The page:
Redbox, the Blu-ray and DVD kiosk renter, announced with a little fanfare their movies that were rented the most, by genre, during the course of last year. You will notice that most of the popular rentals were not award winners or box office stand outs.
Here are the results announced via a 5-minute video presentation by Redbox:
•Most Rented Action Movie: Green Hornet
•Most Rented Family Movie: Rango
•Most Rented Horror Movie: Insidious
•Most Rented Comedy Movie: Just Go With It
•Most Rented Drama Movie: The Tourist
Looking at the Redbox’s tally for individuals, we start with Natalie Portman who is honored with the most-rented actress of 2011, due to Black Swan, Your Highness, No Strings Attached and Thor.
Next is Kevin James who took the praise as lifetime achievement award for entertaining Redbox users year-after-year. His Paul Blart: Mall Cop (2009) is the fastest Redbox DVD to reach the one millionth mark.
Thus, it’s hard for me to believe, the most rented Redbox film of 2011 was Just Go With It. The silly comedy stars Adam Sandler and Jennifer Anniston. Anniston was even honored with a bonus award for her other comedy role as the sex-crazed dentist in the dark-comedy Horrible Bosses.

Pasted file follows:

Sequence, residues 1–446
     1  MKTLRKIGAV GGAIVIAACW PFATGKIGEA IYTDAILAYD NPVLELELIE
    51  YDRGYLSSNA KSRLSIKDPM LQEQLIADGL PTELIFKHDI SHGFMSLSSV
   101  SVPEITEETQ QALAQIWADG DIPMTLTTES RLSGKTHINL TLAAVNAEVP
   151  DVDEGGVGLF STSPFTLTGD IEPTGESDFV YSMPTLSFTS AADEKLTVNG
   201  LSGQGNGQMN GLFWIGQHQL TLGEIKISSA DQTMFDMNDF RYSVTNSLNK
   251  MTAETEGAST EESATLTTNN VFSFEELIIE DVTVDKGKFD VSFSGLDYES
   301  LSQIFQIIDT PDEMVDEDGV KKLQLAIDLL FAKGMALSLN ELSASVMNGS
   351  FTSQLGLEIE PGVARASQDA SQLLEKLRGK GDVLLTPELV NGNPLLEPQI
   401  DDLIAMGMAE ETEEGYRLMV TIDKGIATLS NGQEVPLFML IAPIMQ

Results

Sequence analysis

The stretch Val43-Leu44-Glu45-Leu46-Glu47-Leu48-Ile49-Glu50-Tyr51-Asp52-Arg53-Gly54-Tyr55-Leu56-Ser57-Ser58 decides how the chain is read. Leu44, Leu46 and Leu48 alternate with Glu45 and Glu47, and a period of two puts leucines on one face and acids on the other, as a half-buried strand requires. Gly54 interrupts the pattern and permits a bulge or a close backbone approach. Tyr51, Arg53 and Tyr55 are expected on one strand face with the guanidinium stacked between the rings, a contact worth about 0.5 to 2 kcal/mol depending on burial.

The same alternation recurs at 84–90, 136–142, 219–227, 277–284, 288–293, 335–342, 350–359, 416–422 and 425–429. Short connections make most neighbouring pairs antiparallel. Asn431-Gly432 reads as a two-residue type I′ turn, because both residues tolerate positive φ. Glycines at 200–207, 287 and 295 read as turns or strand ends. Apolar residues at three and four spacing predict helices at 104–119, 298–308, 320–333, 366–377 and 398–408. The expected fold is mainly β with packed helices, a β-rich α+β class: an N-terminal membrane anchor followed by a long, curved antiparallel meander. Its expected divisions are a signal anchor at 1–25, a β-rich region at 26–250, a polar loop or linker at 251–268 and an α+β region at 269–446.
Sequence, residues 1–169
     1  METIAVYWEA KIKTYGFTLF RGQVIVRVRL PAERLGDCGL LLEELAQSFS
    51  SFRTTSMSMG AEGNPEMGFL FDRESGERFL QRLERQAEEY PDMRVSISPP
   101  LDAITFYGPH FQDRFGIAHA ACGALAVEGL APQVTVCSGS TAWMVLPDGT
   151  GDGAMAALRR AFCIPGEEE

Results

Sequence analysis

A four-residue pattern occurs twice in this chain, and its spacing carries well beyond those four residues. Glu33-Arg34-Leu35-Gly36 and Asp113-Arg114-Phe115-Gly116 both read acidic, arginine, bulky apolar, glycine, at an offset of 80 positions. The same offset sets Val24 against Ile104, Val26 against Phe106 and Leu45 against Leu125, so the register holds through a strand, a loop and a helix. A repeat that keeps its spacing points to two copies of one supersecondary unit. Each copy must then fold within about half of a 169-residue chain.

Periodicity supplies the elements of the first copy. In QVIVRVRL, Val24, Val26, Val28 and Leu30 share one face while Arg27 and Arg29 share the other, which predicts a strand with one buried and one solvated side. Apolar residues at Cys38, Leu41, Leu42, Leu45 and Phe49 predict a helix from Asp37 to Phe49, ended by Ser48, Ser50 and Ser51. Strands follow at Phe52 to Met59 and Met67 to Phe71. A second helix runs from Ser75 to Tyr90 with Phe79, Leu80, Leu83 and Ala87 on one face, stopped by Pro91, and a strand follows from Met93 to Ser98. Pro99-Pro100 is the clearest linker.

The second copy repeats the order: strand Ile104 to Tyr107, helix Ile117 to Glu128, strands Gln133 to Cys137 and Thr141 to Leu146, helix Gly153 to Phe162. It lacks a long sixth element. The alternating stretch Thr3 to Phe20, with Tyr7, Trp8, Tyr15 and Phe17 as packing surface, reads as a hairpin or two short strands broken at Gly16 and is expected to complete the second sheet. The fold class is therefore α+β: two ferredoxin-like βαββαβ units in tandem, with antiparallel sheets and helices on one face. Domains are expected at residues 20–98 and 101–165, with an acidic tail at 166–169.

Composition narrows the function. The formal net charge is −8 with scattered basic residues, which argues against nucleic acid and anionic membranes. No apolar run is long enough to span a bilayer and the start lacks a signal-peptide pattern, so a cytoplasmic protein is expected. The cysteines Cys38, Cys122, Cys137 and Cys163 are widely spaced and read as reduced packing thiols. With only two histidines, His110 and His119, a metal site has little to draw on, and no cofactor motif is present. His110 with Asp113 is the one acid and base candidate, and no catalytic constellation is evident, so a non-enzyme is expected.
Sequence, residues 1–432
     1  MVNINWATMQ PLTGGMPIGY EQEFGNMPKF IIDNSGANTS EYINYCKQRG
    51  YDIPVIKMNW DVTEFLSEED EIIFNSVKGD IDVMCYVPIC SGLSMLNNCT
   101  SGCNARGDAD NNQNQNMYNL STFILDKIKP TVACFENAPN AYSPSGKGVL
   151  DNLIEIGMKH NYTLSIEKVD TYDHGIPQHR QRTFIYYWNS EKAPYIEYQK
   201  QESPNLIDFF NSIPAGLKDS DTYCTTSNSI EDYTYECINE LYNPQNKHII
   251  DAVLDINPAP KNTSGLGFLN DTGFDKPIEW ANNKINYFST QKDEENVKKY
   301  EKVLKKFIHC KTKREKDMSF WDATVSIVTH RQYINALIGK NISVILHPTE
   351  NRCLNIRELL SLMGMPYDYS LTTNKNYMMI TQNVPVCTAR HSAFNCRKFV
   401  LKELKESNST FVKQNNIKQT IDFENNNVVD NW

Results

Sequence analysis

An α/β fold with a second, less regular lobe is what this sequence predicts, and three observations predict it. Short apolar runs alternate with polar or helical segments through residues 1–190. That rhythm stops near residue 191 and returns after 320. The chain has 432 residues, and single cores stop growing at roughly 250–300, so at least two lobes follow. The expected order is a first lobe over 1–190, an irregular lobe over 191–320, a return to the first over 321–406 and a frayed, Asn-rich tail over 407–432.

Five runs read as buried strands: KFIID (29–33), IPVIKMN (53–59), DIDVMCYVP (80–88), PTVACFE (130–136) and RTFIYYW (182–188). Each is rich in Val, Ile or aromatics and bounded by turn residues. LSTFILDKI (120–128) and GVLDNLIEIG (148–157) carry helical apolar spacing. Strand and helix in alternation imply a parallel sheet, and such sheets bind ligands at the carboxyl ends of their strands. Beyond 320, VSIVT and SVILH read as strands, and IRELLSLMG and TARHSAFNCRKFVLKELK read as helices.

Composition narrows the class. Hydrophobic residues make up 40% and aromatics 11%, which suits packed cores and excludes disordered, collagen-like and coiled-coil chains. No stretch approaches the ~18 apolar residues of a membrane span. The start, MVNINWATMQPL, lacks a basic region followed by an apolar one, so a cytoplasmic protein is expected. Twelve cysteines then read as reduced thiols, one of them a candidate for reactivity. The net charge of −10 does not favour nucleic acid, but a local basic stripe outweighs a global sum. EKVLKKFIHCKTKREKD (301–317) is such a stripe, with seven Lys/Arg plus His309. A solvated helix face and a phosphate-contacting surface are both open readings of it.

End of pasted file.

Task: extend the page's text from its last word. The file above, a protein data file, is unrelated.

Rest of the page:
You may be asking yourself why relatively unsuccessful box office movies, like Green Hornet, are so popular at Redbox. It’s easy to surmise that movie goers wait for the box office duds to arrive on the disc rental market to rent them. If you do the math, box office money makers stay in the theaters longer, such as Fast Five, Kung Fu Panda 2, Transformers: Dark of the Moon, and their Blu-ray and DVDs counter-parts are purchased by movie goers – instead of rented — whereas less-popular movies are rented via kiosks or Netflix.
The Redbox results indicate the older releases have better records because titles like Harry Potter and Pirates of the Caribbean, arrived closer to the end of the year. Still, not a single one of the award winners takes a position on the current Redbox Top 20.
It will be interesting to watch Redbox during 2012 because from the looks of it, see the above graphic, the kiosk movie renter is sure to expand even more.